Morning Bid: This is what a relief rally looks like
March 17 (Reuters) - A look at the day ahead in Asian markets from Jamie McGeever.
Market sentiment can be pretty gloomy in a financial crisis. So when national authorities offer, approve or backstop gargantuan funding and rescue packages worth hundreds of billions of dollars, investors are entitled to get a little bit excited.
Thursday's remarkable risk-on rally reflects exactly that and barring any unforeseen events - a dangerous assumption in such febrile times, perhaps - Asia should round off a tumultuous week on a high note on Friday.
Up to 11 U.S. banks, including giants JP Morgan Chase (JPM.N), Morgan Stanley (MS.N) and Citigroup (C.N), will deposit up to $30 billion into stricken First Republic Bank (FRC.N), sources familiar with the matter told Reuters.
The package is backed by U.S. regulators, and media reports said JP Morgan boss Jamie Dimon met with Treasury Secretary Janet Yellen on Thursday to discuss it.
This followed news late on Wednesday that Switzerland's central bank will offer the even more stricken Credit Suisse CSGN.S up to $54 billion in loans to shore up liquidity.
Not only did the Credit Suisse lifeline help calm markets, it gave cover for the European Central Bank (ECB) to deliver an inflation-fighting 50 basis point rate hike on Thursday.
Raising rates during a banking crisis may come back to haunt the ECB - it wouldn't be the first time - but then again, its new strategy of data dependency could also give it cover to reverse course in the coming months if it has to.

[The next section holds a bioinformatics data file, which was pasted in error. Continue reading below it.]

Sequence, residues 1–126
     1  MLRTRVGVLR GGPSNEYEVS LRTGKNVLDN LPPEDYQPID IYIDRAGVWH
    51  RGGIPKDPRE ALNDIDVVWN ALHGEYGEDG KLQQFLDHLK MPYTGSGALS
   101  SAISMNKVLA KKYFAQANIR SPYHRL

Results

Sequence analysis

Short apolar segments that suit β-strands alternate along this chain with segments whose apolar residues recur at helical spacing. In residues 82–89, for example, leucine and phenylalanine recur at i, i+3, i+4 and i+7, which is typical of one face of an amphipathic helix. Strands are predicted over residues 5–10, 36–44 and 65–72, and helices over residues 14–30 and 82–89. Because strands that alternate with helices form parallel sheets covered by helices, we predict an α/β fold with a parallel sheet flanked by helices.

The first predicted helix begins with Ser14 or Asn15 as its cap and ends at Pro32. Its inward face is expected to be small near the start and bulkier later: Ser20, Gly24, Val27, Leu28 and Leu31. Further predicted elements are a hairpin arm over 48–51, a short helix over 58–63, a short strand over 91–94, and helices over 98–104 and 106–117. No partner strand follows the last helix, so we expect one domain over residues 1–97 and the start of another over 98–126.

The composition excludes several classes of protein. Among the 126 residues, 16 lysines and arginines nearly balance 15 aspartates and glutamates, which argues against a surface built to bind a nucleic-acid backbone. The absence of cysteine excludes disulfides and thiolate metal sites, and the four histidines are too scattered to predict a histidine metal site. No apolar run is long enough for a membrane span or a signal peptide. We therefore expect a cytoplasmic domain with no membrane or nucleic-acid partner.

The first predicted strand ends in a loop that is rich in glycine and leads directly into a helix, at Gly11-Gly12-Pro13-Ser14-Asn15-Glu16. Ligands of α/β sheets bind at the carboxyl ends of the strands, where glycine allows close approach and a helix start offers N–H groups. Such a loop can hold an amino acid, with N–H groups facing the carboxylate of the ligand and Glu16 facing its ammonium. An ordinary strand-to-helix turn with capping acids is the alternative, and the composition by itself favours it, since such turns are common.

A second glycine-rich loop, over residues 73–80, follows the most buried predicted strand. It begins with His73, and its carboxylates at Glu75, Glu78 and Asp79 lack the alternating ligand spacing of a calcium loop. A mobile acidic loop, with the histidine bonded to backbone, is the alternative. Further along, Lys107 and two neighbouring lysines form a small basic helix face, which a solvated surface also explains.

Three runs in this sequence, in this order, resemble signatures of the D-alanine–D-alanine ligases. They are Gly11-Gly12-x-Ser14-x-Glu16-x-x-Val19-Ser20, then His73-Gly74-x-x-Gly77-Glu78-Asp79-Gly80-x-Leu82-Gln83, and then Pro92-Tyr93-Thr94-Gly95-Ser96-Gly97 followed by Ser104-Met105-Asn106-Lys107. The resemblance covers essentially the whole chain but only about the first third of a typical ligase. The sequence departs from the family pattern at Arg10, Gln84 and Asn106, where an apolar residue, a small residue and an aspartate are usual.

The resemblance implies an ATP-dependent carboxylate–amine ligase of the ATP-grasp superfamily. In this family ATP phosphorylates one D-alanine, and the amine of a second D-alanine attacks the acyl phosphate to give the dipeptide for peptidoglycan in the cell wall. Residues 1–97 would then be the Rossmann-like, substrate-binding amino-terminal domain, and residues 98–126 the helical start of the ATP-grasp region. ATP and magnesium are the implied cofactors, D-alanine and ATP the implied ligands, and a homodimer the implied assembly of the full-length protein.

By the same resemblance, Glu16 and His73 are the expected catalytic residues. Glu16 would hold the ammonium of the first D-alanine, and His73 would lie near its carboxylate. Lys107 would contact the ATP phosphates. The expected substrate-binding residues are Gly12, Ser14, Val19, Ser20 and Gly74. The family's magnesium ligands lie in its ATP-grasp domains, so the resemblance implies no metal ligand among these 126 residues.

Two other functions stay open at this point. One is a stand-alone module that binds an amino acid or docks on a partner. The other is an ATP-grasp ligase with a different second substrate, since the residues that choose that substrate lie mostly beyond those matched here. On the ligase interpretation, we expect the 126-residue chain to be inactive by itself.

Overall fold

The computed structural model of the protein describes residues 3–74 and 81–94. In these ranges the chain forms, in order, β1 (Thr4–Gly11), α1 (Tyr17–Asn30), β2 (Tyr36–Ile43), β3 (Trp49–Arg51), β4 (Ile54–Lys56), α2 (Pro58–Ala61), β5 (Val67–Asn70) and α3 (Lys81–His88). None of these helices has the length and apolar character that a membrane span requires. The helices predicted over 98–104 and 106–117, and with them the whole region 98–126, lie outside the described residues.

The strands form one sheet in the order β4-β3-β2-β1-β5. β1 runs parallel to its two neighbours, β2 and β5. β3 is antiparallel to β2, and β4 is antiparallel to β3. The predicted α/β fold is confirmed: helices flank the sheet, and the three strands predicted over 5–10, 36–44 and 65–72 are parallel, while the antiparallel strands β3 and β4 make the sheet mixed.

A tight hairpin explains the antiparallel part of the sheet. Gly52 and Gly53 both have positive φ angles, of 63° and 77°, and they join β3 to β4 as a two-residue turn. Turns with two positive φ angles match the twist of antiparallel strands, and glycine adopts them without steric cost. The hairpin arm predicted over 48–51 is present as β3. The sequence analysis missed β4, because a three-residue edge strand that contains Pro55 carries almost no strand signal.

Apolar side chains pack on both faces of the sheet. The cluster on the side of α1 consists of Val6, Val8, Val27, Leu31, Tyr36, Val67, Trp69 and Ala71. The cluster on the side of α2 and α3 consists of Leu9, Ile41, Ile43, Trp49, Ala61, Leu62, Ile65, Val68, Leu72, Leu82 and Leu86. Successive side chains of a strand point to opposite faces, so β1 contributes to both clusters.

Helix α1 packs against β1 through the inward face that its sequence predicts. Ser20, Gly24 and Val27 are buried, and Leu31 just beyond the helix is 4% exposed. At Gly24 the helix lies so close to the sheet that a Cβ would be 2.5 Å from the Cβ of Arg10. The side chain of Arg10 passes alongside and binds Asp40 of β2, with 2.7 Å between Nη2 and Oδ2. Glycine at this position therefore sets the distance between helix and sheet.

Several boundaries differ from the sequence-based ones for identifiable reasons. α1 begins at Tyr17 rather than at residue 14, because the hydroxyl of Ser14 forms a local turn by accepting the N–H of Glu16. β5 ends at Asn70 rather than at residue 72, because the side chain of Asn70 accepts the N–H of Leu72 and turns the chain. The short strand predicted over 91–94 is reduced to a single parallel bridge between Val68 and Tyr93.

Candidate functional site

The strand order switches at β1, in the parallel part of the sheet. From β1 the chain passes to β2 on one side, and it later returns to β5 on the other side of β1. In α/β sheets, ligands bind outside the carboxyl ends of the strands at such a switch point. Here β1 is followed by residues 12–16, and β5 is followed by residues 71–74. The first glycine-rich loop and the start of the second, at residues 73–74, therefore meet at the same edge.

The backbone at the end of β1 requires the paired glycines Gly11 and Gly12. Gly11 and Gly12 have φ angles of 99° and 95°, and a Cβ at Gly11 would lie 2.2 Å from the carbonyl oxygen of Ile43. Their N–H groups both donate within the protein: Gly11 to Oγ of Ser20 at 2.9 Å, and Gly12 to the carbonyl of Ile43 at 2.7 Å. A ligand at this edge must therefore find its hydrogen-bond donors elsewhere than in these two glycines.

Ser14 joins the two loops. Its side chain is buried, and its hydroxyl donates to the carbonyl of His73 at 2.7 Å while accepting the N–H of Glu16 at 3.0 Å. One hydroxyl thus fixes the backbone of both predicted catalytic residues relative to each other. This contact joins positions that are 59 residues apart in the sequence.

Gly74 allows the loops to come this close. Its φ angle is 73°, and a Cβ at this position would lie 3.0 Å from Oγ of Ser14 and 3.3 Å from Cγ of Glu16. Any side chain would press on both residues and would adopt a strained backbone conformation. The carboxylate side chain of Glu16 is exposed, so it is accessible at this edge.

What started as another grim-looking session on Thursday - safe-havens like the yen and Treasuries were riding high in early trade - culminated in a solid risk rally across the board.
The yen slumped from its one-month high, the two-year U.S. Treasury yield ended the day 20 bps higher, U.S. regional banks had their biggest rise in four months, up 3.26%, and the Nasdaq jumped 2.5% for its best day in six weeks.
Welcome relief for investors all round. But if previous banking crises have taught us anything, it is that they are never resolved in a matter of days, no matter how bold authorities' action may be.
Underlying the scale of fear that has permeated markets since the collapse of Silicon Valley Bank at the weekend, Fed data on Thursday showed that, as of Wednesday, banks took a record $152.9 billion from the Fed's discount window this week.
Together with its other emergency funding measures, the Fed's balance sheet grew by $300 billion this week.
Markets could be in yo-yo mode in the weeks ahead. But Friday, in Asia at least, looks like being an up day.
Here are three key developments that could provide more direction to markets on Friday:
- Japan tertiary activity index (January)
- Malaysia trade (February)
- Euro zone inflation (February)
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